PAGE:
Macro Tsimmis

intelligently hedged investment

SELL Ultrashort Oil & Gas ETF

Posted by intelledgement on Wed, 25 Mar 09

Well, this has certainly been educational.

This ETF is designed to doubly inversely track changes in the price of oil and gas. That is, if the price of oil goes up 1%, you’d expect the price of this ETF to decline 2%, and vice versa.

We bought this ETF last September with the price of oil around $110 and clearly declining, while the economy looked to be in trouble and energy demand also under pressure. Now, with the market rallying, we are reacquiring some energy plays and unloading this bearish position. The price of oil did dip as low as $31/barrel a couple of months back, but even here it is just about $50/barrel. So it’s nice to have been right in expecting the price of oil to decline sharply, and really nice to be unloading this hedge play here with a cool 100% profit (50% decline in the price of oil x 2 = 100%)…WHOOPS! WHAT THE HECK?!? We are DOWN 28% here!?!

This is a great example of the perverse nature of leveraged inverse ETFs. Because the funds are repriced on a daily basis, over the long haul moves down are more significant mathematically than moves up. We wrote about this effect in some detail a couple of months back, but essentially the problem is that if you start with $100 and lose 10%, that gets you to $90. Then if you gain back 10%, you end up with $99. So you lost 10% and gained 10% and ended up worse off than you started. Works the same way in reverse order: start with $100 and gain 10%; it puts you at $110. Then lose 10%: now you’re at $99, worse than when you started.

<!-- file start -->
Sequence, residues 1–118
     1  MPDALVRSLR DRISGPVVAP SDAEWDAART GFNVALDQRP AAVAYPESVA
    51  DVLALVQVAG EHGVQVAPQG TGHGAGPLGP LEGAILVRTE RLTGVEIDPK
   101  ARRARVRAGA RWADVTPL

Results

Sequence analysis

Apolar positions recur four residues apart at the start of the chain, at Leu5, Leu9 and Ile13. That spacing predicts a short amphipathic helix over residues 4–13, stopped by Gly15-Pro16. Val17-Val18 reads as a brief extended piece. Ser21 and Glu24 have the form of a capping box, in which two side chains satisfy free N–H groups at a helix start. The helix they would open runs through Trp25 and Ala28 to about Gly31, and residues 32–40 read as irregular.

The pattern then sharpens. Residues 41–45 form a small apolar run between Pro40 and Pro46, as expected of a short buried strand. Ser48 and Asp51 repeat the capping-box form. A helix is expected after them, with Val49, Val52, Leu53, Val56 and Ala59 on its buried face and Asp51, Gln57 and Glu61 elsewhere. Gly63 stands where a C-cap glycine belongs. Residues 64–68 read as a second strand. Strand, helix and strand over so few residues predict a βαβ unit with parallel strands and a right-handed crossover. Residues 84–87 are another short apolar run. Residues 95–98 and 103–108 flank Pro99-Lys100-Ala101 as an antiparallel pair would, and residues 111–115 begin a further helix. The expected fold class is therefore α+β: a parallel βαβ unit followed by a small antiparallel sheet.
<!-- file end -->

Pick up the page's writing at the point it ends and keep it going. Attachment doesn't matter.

The price of oil has been very volatile since last September, and even though overall it has declined from $100/barrel to $50/barrel (and natural gas is down from $8/mmbtu to $4), there have been enough days with sharp up moves (which drive the price of DUG down) to cause the ETF to grossly underperform our expectations over the full six months.

Morale: eschew leveraged ETFs other than for short-term speculative plays.

Previous DUG-related posts:


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